A word to the wise: don’t ask NCR’s Michael Sean Winters if he’s been keeping up with the Casey Anthony case. He’ll probably tell you something along these lines:
I refused to watch a single moment of the Casey Anthony trial. I refused to watch a single news story about the trial. This took some doing and I had to replace the battery in my television clicker sooner than anticipated. The story was ubiquitous.
I refused to engage it for the same reason I would have refused to attend a gladiator fight had I lived two thousand years ago. In America today, the courtroom has replaced the ampitheater, but the lust for gruesomeness is the same. Shame on us.
To those of you — and I know you’re out there — who are planning to show up at his place with pliers and a blow torch, and try to make him watch, all I can say is, lots of luck.
I’ve never had any patience for media personalities who complain about the media. No matter how much any of us moralizes about the 24-hour news cycle, the fact is, we all play along — some more willingly, some less so. And we all benefit — again, on a sliding scale. More viewers for Fox means more clicks for me, and even for Michael Sean Winters. A hater’s click counts the same as a fan’s, after all.
But much more basically, pretending there’s no good at all in the dissemination of news is just…mindless. Yes, coverage of sensitive subjects can leave a lot to be desired — thoughtful angles get overlooked, good taste is routinely violated. But still, the final takeaway is left to the consumer. Dopey people will come away thinking dopey thoughts, but intelligent people will find an intelligent takeaway — and there’s always one to be found.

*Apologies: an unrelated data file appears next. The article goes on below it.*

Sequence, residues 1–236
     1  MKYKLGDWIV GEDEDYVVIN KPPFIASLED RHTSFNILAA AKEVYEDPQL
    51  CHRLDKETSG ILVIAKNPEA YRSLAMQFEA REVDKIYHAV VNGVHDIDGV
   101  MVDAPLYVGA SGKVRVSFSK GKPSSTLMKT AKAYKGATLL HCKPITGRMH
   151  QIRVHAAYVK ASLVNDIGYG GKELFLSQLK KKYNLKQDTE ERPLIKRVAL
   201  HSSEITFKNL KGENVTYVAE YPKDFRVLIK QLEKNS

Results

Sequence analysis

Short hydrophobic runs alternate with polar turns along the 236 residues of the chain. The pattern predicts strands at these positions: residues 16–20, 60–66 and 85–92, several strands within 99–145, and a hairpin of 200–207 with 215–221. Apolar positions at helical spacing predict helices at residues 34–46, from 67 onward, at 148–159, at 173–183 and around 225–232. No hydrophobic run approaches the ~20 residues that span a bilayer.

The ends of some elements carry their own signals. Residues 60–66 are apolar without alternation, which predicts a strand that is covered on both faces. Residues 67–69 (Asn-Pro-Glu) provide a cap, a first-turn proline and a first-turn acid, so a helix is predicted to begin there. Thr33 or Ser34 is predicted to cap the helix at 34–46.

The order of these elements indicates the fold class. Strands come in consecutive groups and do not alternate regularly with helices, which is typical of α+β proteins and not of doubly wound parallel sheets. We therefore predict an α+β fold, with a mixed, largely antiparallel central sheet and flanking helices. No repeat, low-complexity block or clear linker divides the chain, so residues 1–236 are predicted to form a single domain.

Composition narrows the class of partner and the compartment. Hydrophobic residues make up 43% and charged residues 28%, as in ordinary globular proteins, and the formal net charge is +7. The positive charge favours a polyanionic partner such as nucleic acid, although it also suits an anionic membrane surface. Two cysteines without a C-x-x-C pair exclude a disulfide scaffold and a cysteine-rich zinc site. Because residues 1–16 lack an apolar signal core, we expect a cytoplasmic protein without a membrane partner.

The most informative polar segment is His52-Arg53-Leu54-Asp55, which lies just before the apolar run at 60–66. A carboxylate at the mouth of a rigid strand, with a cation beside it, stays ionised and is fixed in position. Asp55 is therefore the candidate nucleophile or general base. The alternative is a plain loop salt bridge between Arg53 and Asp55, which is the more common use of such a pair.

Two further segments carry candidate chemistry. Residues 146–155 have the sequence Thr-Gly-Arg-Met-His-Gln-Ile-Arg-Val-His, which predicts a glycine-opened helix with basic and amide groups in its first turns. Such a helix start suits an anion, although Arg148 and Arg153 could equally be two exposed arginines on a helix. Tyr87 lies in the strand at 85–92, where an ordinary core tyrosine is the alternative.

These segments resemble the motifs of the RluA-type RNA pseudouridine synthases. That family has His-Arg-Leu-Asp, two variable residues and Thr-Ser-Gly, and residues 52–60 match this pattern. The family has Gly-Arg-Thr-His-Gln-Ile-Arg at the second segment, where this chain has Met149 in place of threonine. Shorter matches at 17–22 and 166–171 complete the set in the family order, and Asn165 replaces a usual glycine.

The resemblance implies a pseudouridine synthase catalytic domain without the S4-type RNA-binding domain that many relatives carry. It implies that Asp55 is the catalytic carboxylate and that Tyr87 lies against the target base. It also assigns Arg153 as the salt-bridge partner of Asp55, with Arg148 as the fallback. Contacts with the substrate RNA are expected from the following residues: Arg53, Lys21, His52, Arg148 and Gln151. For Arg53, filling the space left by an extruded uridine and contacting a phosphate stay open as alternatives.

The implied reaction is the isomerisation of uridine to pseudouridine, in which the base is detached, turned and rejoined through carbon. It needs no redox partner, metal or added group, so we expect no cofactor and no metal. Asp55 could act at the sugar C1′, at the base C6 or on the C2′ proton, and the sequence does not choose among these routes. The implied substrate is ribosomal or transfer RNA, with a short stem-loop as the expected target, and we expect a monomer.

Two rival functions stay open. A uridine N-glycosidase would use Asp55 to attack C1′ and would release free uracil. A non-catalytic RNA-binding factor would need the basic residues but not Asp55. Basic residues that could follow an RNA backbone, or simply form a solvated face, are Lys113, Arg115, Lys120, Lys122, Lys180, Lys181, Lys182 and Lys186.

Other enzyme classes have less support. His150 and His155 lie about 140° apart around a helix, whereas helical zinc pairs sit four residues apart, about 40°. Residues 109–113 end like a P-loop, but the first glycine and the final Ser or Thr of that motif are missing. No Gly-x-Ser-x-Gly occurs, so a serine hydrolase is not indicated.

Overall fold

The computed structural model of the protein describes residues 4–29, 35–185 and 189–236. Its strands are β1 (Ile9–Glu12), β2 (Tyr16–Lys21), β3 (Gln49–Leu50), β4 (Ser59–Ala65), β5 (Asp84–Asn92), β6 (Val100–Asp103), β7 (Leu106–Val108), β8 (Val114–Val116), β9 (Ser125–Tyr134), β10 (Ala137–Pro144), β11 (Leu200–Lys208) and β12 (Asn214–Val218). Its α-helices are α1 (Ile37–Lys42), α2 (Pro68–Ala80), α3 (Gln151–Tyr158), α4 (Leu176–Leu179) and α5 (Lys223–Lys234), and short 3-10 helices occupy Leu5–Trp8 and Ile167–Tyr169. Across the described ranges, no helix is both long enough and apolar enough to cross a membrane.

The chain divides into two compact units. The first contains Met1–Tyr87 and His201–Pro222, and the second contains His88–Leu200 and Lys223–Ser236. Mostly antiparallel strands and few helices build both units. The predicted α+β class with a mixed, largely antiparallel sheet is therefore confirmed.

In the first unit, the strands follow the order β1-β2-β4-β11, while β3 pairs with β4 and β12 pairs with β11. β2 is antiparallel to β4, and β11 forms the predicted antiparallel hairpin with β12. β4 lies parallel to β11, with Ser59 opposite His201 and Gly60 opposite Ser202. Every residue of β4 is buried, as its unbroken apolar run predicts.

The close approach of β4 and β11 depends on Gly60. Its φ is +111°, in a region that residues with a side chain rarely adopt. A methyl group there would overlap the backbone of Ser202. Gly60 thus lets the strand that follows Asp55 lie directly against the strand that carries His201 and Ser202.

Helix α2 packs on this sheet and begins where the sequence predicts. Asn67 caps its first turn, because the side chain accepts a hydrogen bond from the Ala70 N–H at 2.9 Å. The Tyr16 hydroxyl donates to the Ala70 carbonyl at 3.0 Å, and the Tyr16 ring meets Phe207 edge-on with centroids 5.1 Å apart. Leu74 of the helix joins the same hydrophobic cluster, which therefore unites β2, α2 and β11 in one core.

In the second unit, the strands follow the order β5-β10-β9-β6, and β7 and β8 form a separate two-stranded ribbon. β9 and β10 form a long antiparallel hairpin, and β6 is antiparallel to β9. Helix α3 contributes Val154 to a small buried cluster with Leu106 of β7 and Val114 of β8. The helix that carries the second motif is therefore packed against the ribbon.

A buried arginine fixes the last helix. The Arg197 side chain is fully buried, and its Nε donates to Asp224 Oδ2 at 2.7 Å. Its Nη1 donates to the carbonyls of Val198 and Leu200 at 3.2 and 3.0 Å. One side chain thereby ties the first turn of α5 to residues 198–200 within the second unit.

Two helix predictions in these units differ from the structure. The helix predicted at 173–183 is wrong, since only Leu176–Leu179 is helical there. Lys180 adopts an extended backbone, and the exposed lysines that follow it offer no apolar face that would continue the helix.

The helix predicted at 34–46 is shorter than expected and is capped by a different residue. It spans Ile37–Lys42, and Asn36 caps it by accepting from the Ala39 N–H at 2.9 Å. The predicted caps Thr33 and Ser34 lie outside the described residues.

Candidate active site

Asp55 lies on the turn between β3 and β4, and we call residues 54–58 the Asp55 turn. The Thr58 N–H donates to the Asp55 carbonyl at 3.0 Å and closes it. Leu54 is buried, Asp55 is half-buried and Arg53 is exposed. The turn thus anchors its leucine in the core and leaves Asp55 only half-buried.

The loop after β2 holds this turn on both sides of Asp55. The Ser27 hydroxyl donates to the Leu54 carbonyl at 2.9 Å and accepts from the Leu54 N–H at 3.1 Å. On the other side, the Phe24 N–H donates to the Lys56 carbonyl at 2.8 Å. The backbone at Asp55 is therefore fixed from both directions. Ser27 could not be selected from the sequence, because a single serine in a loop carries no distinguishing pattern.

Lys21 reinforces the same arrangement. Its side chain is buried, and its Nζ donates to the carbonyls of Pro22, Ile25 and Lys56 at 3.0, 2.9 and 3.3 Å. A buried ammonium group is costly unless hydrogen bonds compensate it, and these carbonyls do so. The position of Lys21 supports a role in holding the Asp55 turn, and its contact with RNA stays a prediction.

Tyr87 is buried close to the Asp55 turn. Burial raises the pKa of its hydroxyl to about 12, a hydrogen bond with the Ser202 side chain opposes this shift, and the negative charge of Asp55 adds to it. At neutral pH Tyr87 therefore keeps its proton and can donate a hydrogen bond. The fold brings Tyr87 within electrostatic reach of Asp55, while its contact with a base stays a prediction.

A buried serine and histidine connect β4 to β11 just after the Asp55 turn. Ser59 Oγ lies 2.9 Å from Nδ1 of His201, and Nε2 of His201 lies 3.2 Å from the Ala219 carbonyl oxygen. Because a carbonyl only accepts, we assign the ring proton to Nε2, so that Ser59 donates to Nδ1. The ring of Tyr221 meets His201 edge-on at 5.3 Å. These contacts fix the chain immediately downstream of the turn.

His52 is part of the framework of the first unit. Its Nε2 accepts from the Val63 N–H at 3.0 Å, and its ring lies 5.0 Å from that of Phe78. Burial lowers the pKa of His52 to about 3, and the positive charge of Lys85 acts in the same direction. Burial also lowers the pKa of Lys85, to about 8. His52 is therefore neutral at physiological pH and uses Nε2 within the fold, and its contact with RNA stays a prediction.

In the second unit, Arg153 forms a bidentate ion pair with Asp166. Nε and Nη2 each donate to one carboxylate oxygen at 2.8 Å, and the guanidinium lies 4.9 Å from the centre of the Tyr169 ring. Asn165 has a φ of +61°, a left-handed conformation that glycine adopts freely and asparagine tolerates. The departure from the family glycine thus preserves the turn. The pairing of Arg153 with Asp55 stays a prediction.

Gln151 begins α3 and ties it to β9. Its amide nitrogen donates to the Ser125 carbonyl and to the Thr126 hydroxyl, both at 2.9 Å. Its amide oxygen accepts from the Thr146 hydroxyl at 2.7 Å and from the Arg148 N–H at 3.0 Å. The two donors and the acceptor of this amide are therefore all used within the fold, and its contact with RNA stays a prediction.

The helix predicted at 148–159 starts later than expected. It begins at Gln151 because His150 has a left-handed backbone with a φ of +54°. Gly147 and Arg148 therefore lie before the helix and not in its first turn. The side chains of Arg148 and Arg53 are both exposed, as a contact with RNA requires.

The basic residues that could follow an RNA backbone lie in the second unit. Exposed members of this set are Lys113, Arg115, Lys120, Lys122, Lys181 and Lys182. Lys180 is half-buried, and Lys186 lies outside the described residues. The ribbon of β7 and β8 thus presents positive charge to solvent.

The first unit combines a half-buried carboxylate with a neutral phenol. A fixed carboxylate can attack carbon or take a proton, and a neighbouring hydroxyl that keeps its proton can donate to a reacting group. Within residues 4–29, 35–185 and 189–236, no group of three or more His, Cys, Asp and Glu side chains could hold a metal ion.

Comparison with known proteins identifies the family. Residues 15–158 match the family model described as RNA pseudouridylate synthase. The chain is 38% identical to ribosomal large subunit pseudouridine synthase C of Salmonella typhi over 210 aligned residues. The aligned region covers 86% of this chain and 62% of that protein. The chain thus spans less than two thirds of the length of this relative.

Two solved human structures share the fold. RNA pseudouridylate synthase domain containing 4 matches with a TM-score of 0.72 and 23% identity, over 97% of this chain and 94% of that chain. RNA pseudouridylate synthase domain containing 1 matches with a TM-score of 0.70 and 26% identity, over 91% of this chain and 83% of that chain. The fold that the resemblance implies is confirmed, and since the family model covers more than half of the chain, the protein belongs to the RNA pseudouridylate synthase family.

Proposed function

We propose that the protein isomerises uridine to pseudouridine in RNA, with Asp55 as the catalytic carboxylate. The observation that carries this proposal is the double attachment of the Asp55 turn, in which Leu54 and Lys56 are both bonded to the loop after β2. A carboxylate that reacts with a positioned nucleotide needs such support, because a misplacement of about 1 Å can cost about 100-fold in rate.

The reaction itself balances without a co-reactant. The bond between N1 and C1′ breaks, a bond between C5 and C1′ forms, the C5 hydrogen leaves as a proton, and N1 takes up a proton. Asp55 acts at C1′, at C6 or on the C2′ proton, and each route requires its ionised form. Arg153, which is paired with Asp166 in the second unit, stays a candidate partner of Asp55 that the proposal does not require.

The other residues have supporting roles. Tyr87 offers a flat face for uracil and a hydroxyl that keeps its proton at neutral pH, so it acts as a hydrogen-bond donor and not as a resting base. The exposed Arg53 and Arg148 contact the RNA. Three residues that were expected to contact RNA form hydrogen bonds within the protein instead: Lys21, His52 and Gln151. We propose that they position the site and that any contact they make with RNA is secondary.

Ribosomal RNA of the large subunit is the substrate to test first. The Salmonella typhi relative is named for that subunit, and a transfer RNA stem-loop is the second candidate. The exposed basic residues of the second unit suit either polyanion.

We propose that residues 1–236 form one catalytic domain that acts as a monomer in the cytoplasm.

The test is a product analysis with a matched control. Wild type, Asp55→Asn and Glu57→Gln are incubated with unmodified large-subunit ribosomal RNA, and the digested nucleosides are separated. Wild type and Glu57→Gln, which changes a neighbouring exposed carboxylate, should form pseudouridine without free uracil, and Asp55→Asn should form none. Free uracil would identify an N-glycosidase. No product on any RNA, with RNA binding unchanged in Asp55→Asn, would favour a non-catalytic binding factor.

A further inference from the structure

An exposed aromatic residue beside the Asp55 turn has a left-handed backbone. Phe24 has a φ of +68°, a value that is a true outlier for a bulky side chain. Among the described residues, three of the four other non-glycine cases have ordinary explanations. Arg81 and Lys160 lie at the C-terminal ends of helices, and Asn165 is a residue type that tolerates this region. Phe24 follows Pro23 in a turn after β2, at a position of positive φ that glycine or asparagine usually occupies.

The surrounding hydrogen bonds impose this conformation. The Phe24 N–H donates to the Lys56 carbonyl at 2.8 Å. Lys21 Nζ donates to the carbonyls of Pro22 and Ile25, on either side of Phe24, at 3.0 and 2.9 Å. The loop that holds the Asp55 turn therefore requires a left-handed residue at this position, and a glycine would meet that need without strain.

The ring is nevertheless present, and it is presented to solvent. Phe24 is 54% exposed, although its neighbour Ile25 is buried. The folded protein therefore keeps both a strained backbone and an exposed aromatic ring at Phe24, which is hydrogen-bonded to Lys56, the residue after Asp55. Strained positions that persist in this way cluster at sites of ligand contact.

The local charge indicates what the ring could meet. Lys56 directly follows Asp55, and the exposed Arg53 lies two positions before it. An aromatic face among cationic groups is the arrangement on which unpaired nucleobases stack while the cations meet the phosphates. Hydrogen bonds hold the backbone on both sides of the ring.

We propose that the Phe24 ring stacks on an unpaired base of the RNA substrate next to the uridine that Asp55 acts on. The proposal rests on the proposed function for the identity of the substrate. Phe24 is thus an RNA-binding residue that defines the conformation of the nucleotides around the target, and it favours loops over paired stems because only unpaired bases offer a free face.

As an object lesson in how tabloid journalism can make a positive difference in spite of itself, consider the case of St. Maria Goretti, whose feast day was yesterday. With the possible exception of Josemaria Escriva, she’s the Church’s most controversial saint — quite a feather for a laconic 12-year-old to wear in her cap. It’s tempting to blame — or credit — her hagiographers, who have steeped her story in such thick schmaltz that it reads like a Kenny Rogers ballad set to a tarantella. But really, the poor hacks are only following the example set by the first responders — the Italian police reporters of the nineteen-oughts.
Italian newspapers have never been famous for their subtlety. The worst of them — the equivalents of the Murdoch rags — feature a section called the cronica nera, or black chronicle. It’s basically a clearing house for the pulpiest news around, the place where the public first met Toto Riina and Amanda Knox, and the victims of any number of gruesome Vespa mishaps. This is where news of Maria Goretti’s murder first turned up, and the tone would have made Westbrook Pegler blush. In one early story, the killer is described as a “human beast” and a “filthy satyr” — and that’s just in one paragraph.
Doubtless, much of the initial interest was strictly prurient. “I hope they hang the testa di minghia, and I hope I get to watch!” would have been among the more delicately nuanced reactions. But then the oddest thing happened: people stayed interested. Many of those who were simply enjoying a grisly story started proclaiming the sanctity of the victim.